The Short-Lived Nationhood of ‘BHAZ’ | The American Spectator

The Short-Lived Nationhood of ‘BHAZ’
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Police advancing through the Black House Autonomous Zone, June 23, 2020 (YouTube screenshot/WUSA9)

On Monday, demonstrators protesting systemic racism and the death of George Floyd attempted to instate an autonomous zone in the heart of the nation’s capital. The activists built barricades and set up tents just a few blocks from the White House in Washington, D.C. Protesters brought construction materials, such as chain-link fences, to define the boundaries of “Black House Autonomous Zone” (“BHAZ” for short) along H Street and Vermont Avenue, near Lafayette Square. Since Tuesday evening, authorities have regained control of the area and erected barriers, effectively putting an end to the autonomous zone by preventing protesters from accessing the area.

The initials “BHAZ” were graffitied on the pillars of St. John’s Episcopal Church, and demands of abolishing the police and ending systemic racism were spray-painted on the Hay-Adams Hotel. A makeshift sign constructed from plywood marked the barricaded entrance to the self-acclaimed autonomous zone.

In the evening, when some protesters attempted to topple the statue of Andrew Jackson located in the middle of Lafayette Park, police stepped in to clear the area. Officials reported warning demonstrators to leave, saying their presence posed a risk to public safety. When some protesters refused to comply, going so far as to assault two police officers, authorities used pepper spray and batons to force the crowd back. Two arrests were made during the process of clearing the block.

On Tuesday morning, police closed off public access to H Street and removed the makeshift “Black House Autonomous Zone” signs that had been erected the day before. Protesters gathered, demanding that they be allowed to reenter the zone, but police stood their ground and denied access to the area. By Tuesday evening, the crowds of protesters had largely disbanded, and authorities began assembling temporary fencing around Lafayette Square.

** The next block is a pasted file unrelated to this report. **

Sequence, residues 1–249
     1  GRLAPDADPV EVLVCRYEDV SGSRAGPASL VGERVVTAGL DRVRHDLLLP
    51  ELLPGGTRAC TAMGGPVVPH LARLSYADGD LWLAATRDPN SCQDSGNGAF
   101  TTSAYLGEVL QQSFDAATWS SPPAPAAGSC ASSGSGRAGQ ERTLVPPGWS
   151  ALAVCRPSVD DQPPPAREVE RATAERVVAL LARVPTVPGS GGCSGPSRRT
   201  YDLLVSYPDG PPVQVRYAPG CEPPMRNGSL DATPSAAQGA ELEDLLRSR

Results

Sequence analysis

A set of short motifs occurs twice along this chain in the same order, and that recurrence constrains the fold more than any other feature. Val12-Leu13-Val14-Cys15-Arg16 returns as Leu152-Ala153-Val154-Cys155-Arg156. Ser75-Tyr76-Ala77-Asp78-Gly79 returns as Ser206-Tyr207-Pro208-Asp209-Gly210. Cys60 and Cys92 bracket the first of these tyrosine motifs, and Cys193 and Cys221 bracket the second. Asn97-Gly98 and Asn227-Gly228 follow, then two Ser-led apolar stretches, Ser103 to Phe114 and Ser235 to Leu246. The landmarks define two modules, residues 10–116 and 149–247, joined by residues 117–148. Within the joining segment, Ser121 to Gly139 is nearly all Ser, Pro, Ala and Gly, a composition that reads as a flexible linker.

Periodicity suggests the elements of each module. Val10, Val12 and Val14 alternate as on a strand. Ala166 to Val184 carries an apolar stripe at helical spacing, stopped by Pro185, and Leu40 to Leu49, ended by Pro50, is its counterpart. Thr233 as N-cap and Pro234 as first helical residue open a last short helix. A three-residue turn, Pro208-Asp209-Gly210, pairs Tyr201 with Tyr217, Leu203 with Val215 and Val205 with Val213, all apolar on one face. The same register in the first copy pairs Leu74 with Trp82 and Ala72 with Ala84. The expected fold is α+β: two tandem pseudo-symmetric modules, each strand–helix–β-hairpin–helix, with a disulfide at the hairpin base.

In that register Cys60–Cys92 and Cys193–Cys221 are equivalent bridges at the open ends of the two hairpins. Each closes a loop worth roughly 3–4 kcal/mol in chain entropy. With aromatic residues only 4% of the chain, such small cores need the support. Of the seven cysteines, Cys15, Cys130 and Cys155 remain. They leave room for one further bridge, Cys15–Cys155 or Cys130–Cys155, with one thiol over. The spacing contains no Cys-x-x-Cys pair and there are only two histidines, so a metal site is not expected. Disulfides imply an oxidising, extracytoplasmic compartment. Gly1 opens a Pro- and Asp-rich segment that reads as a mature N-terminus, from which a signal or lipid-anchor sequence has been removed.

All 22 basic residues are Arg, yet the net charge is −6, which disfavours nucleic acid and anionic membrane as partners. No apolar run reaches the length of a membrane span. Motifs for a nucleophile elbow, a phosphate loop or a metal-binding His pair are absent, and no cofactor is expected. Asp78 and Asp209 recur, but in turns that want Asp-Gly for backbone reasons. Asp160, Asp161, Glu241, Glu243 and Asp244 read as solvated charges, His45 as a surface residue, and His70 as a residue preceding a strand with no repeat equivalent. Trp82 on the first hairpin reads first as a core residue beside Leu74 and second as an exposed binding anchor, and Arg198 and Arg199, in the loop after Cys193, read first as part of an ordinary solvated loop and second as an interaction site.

In an interview after the conflict, Metropolitan Police spokeswoman Brianna Johnson promised, “MPD will always protect the rights of those engaged in peaceful First Amendment assemblies, however, those who engage in criminal behavior will be held accountable.”

In the aftermath, President Trump tweeted, “There will never be an ‘Autonomous Zone’ in Washington, D.C., as long as I’m your President. If they try, they will be met with serious force!” Twitter flagged the tweet, because it “violated the Twitter Rules about abusive behavior,” but the president made his point, reinforcing his claim that he is “your president of law and order.” The incident also prompted Trump to announce his plans to sign an executive order to protect federal monuments from vandalism. 

The short-lived nationhood of the self-proclaimed “Autonomous Zone” in the nation’s capital is a testament to just how far some activists will go to ensure that their demands are heard. First in Seattle, now in D.C., these episodes raise the question of just how many more cities will witness this new species of insurrection. Only time will tell.

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